Celiac Disease May Be Preventable in Baby's Early Months
Introducing gluten in baby's early months may be the secret to preventing celiac disease, a digestive disorder.
Researchers report that delaying this introduction and breast feeding longer than one year can well be the cause of increase in developing the disorder.
"Celiac disease -- also known as celiac sprue or gluten-sensitive enteropathy -- is a digestive and autoimmune disorder that results in damage to the lining of the small intestine when foods with gluten are eaten," according to WebMD. "Glutens are a form of protein found in some grains. The damage to the intestine makes it hard for the body to absorb nutrients, especially fat, calcium, iron, and folate."
A recent study by lead researcher Dr. Ketil Stordal, a researcher and consultant pediatrician at the Norwegian Institute of Public Health in Oslo took a look at the data collected on 107,000 children in the Norwegian Patient Register.
In these children, gluten introduction was reported monthly from the time of 0 to 6 months and breastfeeding from months 0 to 18 as mentioned in the study.
After finalizing the relatable information needed in order to perform the study, out of the 107,000 children, 324 babies participated in the analysis, they developed CD.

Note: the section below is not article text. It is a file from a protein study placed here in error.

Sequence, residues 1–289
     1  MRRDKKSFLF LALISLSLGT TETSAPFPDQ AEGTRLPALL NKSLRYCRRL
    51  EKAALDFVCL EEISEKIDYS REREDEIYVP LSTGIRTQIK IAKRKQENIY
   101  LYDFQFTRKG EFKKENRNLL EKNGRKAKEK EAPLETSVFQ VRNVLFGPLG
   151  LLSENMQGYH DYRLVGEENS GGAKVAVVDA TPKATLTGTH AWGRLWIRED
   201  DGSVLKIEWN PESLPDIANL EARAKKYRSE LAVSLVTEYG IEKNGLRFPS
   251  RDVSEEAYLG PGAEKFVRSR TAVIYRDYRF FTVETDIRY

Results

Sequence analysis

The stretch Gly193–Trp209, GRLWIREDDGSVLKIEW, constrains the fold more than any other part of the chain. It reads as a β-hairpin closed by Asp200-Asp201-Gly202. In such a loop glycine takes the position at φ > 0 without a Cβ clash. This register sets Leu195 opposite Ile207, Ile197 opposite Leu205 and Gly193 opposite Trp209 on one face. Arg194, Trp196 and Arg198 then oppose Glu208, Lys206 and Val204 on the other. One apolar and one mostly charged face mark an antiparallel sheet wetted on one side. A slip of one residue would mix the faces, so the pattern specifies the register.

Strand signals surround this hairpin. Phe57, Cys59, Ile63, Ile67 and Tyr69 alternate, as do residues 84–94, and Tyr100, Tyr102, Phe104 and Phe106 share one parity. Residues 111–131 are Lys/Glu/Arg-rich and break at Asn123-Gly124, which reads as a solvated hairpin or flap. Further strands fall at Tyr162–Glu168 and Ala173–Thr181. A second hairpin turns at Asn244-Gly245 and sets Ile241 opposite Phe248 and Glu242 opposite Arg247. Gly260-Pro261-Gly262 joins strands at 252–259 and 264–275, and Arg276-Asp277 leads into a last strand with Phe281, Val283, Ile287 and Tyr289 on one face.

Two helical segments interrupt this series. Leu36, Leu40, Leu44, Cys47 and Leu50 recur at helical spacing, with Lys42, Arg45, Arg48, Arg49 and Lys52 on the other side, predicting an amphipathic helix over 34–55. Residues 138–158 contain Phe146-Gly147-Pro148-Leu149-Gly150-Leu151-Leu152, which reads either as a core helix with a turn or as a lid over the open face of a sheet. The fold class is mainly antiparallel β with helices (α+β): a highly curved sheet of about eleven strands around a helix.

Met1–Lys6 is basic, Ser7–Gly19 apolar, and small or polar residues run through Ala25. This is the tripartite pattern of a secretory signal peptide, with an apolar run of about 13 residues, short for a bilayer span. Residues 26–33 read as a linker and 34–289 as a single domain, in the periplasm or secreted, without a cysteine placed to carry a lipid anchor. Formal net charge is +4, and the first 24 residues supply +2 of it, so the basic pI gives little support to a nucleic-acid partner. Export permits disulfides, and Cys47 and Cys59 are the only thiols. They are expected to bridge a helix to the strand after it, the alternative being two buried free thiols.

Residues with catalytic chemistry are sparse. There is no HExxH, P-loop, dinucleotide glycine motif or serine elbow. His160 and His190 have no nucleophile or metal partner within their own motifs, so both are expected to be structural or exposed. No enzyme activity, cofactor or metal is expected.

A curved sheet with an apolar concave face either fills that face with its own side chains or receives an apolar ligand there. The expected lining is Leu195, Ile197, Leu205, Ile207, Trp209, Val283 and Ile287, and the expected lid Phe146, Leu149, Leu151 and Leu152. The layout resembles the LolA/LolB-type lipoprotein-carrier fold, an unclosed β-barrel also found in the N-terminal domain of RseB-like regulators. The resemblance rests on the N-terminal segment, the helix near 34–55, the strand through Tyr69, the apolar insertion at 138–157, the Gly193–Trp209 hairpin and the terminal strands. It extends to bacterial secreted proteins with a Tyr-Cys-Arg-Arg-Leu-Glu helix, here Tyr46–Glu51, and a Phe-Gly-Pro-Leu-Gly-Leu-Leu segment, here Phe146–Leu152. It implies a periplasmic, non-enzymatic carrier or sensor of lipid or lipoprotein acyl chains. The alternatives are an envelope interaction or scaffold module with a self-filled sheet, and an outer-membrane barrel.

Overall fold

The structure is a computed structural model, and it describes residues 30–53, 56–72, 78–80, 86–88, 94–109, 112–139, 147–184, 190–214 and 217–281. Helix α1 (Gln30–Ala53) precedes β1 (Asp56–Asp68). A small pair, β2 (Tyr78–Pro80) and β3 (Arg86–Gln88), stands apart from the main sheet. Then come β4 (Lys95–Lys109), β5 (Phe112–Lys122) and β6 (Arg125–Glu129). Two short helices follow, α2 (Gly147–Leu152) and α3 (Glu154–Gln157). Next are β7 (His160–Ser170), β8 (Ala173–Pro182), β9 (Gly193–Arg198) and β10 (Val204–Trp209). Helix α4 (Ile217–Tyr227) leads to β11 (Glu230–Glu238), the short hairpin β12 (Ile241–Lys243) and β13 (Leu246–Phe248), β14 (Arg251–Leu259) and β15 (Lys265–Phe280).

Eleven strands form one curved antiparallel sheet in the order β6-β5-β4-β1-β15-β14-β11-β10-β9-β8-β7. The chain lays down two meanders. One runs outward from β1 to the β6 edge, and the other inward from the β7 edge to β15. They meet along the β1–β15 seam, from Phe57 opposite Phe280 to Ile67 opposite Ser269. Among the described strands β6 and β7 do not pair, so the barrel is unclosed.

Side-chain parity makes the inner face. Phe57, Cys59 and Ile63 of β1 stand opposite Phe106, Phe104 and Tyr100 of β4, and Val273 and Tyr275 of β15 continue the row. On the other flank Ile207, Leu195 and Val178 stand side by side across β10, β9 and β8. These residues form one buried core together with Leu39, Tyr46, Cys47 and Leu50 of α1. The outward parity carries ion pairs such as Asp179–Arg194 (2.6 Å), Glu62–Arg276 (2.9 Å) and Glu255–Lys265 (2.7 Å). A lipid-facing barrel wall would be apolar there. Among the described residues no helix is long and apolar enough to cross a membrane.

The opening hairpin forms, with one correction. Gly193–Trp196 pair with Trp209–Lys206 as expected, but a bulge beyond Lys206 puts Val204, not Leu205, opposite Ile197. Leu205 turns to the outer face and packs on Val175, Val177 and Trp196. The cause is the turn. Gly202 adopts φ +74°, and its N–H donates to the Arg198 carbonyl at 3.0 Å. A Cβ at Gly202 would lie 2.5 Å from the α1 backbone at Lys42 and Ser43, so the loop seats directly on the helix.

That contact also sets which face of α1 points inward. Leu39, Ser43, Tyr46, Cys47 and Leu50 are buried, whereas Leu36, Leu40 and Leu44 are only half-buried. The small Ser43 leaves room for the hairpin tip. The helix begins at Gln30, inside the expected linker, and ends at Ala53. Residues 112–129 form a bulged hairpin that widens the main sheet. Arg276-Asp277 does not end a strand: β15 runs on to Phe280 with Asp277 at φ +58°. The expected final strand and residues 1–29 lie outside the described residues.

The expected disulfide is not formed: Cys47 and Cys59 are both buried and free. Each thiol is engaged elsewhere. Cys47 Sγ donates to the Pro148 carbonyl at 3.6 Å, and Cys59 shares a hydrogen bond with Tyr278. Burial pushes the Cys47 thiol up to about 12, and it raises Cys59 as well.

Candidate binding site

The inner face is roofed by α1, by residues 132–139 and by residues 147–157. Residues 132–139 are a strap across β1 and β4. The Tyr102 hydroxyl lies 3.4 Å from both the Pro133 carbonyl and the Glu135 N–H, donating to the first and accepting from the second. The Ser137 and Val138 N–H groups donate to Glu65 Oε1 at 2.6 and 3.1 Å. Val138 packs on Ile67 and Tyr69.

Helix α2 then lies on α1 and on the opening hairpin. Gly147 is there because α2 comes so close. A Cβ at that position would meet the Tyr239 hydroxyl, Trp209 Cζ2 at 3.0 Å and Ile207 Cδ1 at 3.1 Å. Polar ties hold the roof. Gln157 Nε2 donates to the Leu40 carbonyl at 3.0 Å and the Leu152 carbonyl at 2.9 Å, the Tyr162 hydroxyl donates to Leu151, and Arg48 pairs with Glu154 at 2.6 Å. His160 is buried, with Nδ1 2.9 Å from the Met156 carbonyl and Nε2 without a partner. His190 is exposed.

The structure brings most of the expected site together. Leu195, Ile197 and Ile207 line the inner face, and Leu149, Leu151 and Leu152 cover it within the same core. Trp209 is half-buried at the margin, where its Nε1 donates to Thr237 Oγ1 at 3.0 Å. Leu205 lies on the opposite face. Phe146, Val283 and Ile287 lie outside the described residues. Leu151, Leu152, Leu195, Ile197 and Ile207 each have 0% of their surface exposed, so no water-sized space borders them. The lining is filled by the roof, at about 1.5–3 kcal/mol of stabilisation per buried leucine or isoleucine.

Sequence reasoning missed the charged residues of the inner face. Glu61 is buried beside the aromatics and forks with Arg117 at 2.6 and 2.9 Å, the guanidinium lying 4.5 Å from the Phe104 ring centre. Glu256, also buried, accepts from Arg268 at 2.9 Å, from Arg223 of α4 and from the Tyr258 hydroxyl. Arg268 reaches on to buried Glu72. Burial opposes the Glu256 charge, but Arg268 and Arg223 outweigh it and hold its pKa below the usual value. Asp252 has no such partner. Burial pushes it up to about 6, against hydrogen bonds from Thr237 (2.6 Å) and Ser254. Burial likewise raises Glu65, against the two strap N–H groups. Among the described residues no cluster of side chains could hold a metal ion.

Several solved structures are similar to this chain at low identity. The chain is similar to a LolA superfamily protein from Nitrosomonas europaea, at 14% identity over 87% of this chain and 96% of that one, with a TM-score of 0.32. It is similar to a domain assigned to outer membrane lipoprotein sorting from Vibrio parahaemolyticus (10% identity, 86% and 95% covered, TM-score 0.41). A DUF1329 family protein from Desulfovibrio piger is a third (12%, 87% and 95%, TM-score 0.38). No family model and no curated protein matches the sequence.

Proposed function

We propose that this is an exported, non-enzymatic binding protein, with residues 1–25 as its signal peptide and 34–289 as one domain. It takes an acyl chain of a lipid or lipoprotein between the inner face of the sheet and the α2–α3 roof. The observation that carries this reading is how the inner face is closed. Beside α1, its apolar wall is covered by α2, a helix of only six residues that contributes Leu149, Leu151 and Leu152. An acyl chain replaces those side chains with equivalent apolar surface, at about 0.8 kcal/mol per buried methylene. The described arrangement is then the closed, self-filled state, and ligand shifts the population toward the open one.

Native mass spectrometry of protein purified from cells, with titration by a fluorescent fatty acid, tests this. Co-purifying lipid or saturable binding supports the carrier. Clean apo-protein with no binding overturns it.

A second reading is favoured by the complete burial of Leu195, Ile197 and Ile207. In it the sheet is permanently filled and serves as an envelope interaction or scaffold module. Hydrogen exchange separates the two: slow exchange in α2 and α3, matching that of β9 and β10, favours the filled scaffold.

"Gluten was introduced before or at 4 months in 8.0%, 5 to 6 months in 45.3%, and after 6 months in 46.6%, whereas continued breastfeeding was stable at ∼78% at 6 months age. CD was diagnosed in 3.68/1000 of the infants with gluten introduction at 5 to 6 months compared with 4.15/1000 with late and 4.24/1000 with early gluten introduction. After adjustment for the child's age and gender, breastfeeding, and maternal CD, delayed gluten introduction was associated with an increased risk of CD," said Stordal according to the study.
At the conclusion of the research it was found that there was an increased risk for CD in children who didn't eat gluten after 6 months and higher risk in baby's breastfed after 12 months.
The findings are published in the Official Journal of The American Academy of Pediatrics.